Saturday, September 28, 2013

The Woods are Dark

Finally, I'm able to update my blog! I'm currently without proper internet, and to do anything online, I have to use my dad's cell. It will be another week or two before the net is back up, so I'm really just glad I have a way to check up on my pages and see what's going on. The only thing is that my data usage is limited.

Anyway, Trick of Light is ready to go. As soon as I have it uploaded, I'll post more about it. I have the Twilight's Edge collection left to finish up, which will be ready by the end of November, and after that I'll be getting the files together for Vampyre Night. Through all this, I'm also working on my cowboy story for Desire, trying to expand it to the targeted 50k. I've been very busy working to get these books out as quickly as possible, without sacrificing quality. It's slow going, but little by little it's all coming together.

I'm currently reading The Stake by Richard Laymon. I love his writing style. It's very straight forward, no frills, but still he manages to dig deep with his characters. A lot of his books have rape in them, which I don't care for but I deal with, so I can't recommend him for every reader. However, there is a lot to be learned about characterisation, using setting as character, and sustaining tension from reading his books. Ressurrection Dreams is my favorite Layman novel, but I also liked the restored version of The Woods are Dark. I read it in one sitting a couple days ago.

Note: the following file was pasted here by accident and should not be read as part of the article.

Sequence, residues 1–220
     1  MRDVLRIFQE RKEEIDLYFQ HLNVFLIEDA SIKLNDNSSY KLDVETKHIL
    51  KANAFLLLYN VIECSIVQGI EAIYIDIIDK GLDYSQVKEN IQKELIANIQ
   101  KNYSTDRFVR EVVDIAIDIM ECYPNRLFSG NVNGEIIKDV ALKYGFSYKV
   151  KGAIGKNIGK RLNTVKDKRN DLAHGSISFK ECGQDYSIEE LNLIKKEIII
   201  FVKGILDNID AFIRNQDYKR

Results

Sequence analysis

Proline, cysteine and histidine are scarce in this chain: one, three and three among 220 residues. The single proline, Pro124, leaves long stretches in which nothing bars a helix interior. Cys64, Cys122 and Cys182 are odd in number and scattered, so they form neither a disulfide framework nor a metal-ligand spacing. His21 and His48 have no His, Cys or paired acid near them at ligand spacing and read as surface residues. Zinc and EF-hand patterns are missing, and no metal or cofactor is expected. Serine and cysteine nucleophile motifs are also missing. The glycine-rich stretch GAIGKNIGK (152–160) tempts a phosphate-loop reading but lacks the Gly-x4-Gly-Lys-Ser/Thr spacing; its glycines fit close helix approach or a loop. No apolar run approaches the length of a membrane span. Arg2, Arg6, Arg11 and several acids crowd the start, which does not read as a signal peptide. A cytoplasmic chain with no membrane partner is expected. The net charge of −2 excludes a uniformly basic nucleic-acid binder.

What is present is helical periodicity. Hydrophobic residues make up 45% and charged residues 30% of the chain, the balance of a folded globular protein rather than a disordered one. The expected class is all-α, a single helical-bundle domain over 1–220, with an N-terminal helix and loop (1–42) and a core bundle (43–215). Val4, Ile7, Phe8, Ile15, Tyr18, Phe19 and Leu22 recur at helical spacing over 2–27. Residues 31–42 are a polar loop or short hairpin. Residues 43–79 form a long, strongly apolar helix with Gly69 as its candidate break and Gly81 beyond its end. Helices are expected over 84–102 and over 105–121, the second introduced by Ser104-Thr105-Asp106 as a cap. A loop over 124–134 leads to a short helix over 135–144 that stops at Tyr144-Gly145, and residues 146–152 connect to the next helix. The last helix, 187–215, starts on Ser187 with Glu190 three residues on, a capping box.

In The Woods are Dark, there is a lot writers can learn from his first chapters, such as the way he starts the story in media rez with no backstory. We readers are simply put in the car with Neala and Sherri, and we figure out the laws of the story world right along with them. And in the restored edition of the book, you are taken for a similar ride with the Lander Dills family. Readers are gradually introduced to the characters, we grow to either like them or not within the first fifty pages, then we are carted along right with them as the author drags them through hell.

The Woods are Dark has a vague ending, but it was pieced together after the author's death. I still recommend reading it as a good example of characters staying true to their characterization throughout a novel--and while facing horrible circumstances.

That's all I have for today. I will try to blog again soon. I downloaded the blogger app for android so maybe that will help. Poor Dad, when he gets his phone back, he's going to have all my standard use apps on here. Hehe. That's all for now. Until next time, I wish you a happy weekend!

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